I was ordained in the church at a very interesting time in history. The Presbyterian Church as a whole was about five years into the beginning of the great decline which continues today. While the mainline church blamed the evangelicals for “stealing” their members, statistics pointed to the fact that while many mainline churches were facing a sharp decline, most evangelical churches, other than a few churches here and there, were facing a steady decline of their own.
Of course, with the growth of the “megachurch,” many denominations and congregations got jealous trying to figure out how they would be able to replicate or grasp the influence of those churches. The root of the problem for the church was, and is, basic: society has changed, and the church did not pay attention.
Not even getting into social issues which have proved devastating to many congregations, churches lost track of their purpose in the community. So as other social outlets grew, churches who relied heavily on fellowship as their community purpose lost to organizations who did it better, with less commitment. (This is also true of social organizations like the Lions, Kiwanis, etc.) For those born after 1970, joining things and commitment are not important; the feeling among most of that generation is, “Why join? I’m just going to leave.” This can be seen in the workforce as well.
But churches still sought to grow, trying to rediscover the past. Unfortunately, because the impact of the church was already slipping in society, attempts to grow turned quickly into struggles for survival, even though most congregations were not able to see that. It was like one of the first discussions I had when I was ordained, known to most pastors as the: “We just need to be patient until all the young people come home” talk. But just as they declined other commitments, most young people did not move back to their hometown, and many did not find a need to join a church. This left many churches asking why and how, and they began to dwindle and eventually close.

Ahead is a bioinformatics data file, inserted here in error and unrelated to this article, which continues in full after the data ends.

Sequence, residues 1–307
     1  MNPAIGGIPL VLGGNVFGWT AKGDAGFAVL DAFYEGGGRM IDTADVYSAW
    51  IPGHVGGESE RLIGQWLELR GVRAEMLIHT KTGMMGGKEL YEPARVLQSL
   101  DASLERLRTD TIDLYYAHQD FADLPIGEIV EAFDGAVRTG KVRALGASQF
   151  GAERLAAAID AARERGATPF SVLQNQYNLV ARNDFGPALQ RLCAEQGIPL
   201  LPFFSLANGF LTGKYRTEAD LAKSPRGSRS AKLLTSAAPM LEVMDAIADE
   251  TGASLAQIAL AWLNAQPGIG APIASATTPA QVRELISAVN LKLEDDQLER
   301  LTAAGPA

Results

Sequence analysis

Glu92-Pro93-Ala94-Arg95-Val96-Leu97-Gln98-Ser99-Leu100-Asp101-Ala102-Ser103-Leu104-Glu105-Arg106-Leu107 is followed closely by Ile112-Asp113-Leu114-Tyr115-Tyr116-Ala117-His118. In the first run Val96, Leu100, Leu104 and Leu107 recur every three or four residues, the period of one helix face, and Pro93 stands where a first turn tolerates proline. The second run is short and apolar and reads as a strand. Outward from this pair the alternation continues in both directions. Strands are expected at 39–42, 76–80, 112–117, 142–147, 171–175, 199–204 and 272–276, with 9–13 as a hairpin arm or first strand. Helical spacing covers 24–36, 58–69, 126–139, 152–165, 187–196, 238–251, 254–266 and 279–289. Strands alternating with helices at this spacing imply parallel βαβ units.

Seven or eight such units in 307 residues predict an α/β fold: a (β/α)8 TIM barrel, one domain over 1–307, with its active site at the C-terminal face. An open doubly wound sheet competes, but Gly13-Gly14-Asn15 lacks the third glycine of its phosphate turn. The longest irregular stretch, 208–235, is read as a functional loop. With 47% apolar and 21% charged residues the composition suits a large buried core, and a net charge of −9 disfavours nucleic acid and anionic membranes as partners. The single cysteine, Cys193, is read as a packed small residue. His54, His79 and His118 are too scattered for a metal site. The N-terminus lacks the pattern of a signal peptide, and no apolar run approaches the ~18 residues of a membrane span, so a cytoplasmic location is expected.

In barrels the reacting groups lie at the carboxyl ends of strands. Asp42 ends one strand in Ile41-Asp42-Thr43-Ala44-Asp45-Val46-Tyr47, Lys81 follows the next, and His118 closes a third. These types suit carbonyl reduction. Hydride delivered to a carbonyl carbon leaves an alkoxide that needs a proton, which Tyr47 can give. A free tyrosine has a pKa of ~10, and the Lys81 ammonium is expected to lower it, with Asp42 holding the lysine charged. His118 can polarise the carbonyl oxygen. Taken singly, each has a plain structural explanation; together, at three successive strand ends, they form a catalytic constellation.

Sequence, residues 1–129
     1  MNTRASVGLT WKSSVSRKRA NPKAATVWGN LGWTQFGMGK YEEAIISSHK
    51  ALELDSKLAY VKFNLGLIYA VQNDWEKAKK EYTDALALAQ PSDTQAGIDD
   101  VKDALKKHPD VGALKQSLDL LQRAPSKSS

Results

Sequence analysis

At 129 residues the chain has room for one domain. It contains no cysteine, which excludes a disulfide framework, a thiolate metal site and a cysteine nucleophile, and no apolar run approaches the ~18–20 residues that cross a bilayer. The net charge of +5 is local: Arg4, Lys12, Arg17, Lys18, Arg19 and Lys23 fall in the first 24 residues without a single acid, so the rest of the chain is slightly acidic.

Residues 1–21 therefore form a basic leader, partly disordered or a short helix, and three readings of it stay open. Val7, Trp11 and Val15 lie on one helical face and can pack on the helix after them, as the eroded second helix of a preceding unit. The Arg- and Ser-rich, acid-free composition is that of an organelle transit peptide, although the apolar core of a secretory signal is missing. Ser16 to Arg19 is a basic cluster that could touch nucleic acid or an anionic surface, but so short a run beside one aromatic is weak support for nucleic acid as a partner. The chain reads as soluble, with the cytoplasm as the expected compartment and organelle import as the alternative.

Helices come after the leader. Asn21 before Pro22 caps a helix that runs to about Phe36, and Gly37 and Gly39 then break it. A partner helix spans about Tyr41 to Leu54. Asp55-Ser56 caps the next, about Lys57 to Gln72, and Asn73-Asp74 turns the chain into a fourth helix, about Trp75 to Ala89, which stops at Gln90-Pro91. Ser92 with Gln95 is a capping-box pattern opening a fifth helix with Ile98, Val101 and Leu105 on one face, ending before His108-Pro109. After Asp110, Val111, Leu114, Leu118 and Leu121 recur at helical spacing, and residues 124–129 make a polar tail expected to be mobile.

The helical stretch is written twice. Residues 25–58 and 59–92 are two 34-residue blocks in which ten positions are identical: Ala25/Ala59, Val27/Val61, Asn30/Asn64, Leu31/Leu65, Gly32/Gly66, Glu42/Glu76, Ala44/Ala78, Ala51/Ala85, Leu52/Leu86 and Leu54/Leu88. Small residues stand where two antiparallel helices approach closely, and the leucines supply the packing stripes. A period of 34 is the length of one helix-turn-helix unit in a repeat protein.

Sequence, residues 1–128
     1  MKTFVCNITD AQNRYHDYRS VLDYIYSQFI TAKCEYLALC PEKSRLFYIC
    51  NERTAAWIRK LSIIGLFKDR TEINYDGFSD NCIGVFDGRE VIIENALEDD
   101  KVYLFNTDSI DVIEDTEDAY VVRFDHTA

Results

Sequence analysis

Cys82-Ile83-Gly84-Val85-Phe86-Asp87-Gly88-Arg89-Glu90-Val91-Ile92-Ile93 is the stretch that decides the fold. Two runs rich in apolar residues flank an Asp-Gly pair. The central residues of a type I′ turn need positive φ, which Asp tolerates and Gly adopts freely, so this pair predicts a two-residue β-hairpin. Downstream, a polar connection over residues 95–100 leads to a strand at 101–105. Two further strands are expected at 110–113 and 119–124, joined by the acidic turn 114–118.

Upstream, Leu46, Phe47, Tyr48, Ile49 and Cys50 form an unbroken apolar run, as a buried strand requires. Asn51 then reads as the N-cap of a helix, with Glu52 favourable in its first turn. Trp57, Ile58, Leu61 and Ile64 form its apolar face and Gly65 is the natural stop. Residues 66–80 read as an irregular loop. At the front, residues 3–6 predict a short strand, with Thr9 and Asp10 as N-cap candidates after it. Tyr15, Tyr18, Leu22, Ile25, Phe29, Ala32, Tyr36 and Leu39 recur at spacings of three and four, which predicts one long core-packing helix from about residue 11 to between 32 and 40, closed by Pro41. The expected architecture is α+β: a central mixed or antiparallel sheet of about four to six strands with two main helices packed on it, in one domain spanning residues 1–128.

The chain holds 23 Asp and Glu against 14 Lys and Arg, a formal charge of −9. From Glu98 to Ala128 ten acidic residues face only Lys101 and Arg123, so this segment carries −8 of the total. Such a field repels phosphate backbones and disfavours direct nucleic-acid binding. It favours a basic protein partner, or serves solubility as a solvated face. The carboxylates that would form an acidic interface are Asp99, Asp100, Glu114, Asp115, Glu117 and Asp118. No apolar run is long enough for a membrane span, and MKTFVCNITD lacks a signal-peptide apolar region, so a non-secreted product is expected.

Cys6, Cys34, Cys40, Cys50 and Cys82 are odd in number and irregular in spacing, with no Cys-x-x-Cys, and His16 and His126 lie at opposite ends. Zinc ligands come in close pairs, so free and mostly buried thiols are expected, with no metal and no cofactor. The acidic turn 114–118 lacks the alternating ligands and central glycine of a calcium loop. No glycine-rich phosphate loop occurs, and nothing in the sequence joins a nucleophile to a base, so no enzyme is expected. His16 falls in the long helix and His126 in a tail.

During the time from the 1950s to the 1990s, many churches grew by using a combination of some spiritual activities, some outreach, and a lot of social/fellowship activities. While the church sustained its most dramatic growth in U.S. history during those 40 years, for the most part, it was not growing because of faith or spirituality; it was growing because it was a place to be. Interestingly, our denomination is shrinking both organically from an aging denomination and recent groups leaving for various other reasons.
In my first call, we were faced with a very grim future. It would be a slow and probably painful death as the aging congregation slowly lost its footing. With an average age of 70 and no desire for leadership, we had to do soul searching and spend time coming to terms with the fact that the only way our unique witness to Christ in our community would stay would be to seek a radical change, meaning that we would die and seek rebirth. Their choice was to let go of their wants and desires and to instead fight to be faithful and listen to the needs of our neighbors and the community. From choosing death over life came a growing and healthy congregation that now thrives in their new reality.
While technically the church died, and both churches in the merger were closed, they realigned their goals by choosing to live as Resurrection people, choosing to live under the question of how they can best serve God in their community. As we continue to think about our life as a church, we must continually ask if we are aligning ourselves with our wants, or if we are aligning ourselves with our mission to be connected with God.
If we are about the church and its survival, we cannot live as Resurrection people, because our priorities are inward. But if our goal is to ask how are we building community, listening to our neighbors, and working to share the joy and witness to the Resurrection, we have nothing to worry about. The success we see is not that which is seen in this world, but rather the success and joy that is written on the hearts of everyone who hears.
Rev. Dr. Bryan James Franzen